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H. T. A. L.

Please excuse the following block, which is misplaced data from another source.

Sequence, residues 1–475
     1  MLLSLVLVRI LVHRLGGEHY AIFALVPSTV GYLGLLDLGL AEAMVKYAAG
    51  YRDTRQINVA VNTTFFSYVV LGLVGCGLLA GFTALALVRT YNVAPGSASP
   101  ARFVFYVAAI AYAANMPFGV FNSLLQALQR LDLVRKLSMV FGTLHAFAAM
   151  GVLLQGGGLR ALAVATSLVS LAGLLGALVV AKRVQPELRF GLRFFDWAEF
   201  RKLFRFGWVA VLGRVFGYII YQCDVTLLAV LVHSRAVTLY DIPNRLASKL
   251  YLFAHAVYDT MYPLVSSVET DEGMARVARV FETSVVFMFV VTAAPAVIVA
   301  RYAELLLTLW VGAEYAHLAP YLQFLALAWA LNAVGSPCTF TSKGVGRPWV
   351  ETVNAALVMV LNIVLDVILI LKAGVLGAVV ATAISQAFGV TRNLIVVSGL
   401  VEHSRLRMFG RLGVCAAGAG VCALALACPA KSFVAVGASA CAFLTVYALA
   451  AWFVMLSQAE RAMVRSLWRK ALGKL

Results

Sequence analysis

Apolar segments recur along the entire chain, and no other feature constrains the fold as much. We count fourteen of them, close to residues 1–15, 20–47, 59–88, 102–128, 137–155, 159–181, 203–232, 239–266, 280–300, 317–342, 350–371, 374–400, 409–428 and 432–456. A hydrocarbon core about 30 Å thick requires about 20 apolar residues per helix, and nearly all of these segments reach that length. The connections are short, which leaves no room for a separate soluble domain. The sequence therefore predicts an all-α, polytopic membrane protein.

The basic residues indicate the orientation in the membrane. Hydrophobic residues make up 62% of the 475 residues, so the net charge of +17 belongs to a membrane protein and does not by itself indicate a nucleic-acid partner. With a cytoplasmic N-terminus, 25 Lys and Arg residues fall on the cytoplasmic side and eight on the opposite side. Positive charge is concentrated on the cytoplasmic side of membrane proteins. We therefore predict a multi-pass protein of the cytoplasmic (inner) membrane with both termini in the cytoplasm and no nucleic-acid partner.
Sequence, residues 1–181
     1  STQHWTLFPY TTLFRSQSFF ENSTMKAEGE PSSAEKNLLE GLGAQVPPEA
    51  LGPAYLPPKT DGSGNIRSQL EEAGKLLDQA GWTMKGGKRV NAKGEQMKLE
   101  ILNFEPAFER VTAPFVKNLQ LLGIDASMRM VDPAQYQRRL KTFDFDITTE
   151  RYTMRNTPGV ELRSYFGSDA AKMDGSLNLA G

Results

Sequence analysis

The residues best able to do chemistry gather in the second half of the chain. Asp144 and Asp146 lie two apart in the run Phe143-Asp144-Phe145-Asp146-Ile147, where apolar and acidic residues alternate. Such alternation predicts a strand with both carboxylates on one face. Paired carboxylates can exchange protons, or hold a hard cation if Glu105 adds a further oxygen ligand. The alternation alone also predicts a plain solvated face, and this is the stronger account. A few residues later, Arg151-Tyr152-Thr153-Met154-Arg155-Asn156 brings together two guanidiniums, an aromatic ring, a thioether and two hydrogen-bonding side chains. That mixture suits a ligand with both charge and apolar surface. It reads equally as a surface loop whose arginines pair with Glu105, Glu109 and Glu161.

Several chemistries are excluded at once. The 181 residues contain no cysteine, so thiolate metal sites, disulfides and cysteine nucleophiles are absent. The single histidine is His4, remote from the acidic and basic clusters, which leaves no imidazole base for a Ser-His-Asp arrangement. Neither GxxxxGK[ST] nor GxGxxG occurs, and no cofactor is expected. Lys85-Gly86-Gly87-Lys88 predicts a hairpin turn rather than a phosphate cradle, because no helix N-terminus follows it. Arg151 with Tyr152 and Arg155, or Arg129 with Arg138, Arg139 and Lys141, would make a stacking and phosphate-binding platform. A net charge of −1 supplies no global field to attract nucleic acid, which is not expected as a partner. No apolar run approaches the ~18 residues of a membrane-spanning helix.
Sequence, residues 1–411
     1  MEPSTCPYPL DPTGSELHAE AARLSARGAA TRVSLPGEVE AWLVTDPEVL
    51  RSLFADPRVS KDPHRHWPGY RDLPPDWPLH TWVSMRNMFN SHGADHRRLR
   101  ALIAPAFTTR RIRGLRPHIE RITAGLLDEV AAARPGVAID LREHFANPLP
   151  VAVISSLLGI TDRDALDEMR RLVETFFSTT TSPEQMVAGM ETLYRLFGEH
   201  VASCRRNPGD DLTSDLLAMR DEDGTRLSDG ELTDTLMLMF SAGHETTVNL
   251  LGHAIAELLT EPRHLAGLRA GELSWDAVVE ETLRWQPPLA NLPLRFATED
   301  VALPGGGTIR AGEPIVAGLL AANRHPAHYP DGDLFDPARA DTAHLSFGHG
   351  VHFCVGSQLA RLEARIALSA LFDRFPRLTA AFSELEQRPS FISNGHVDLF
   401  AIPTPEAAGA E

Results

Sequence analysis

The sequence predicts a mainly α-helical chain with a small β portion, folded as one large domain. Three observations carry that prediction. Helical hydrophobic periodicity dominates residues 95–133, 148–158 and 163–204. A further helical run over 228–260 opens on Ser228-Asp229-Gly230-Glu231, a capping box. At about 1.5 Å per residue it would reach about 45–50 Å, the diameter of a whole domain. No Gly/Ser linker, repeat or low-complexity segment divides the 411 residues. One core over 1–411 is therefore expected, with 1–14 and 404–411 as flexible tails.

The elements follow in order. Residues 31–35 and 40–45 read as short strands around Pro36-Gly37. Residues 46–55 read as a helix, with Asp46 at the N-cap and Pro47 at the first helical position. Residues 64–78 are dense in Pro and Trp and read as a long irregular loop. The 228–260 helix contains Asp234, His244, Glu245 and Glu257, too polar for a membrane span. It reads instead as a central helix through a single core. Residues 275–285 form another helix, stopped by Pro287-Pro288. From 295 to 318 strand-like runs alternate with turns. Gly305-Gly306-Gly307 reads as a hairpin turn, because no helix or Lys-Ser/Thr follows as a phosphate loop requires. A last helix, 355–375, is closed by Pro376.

There are some things in the scheme of total abstinence, said Col. Higginson in his address before the Harvard Total Abstinence League last evening, which I cannot endorse. I have never signed a pledge, although quite willing to see them signed. I do not appear as a missionary among heathen and savages. The evils of intemperance in college life were worse in proportion fifty years ago. All habits then were coarse. Drinking habits in our American colleges are not so different from those in foreign universities. The speaker related his observations of the convivial side of student life at Oxford and at Heidelberg. He had early made up his mind to practice total abstinence and had never found occasion to regret his determination. There are perhaps a half dozen strong arguments in favor of total abstinence. The first is that of bodily health. The evidence of all workers, of athletes and of men of action is emphatic on this point. The tendency of later years in all fields of activity is away from alcoholic stimulants. The speaker then related numerous personal experiences in the army and in his literary life and travels which bore upon this point. The second argument is that of mental health. All brain workers testify to this. Another is that of personal safety from danger. The next consideration is that of safety from suspicion. It moreover is right that we should have consideration for others. A man may further the cause of temperance by moderation, but moderation is the inferior method.

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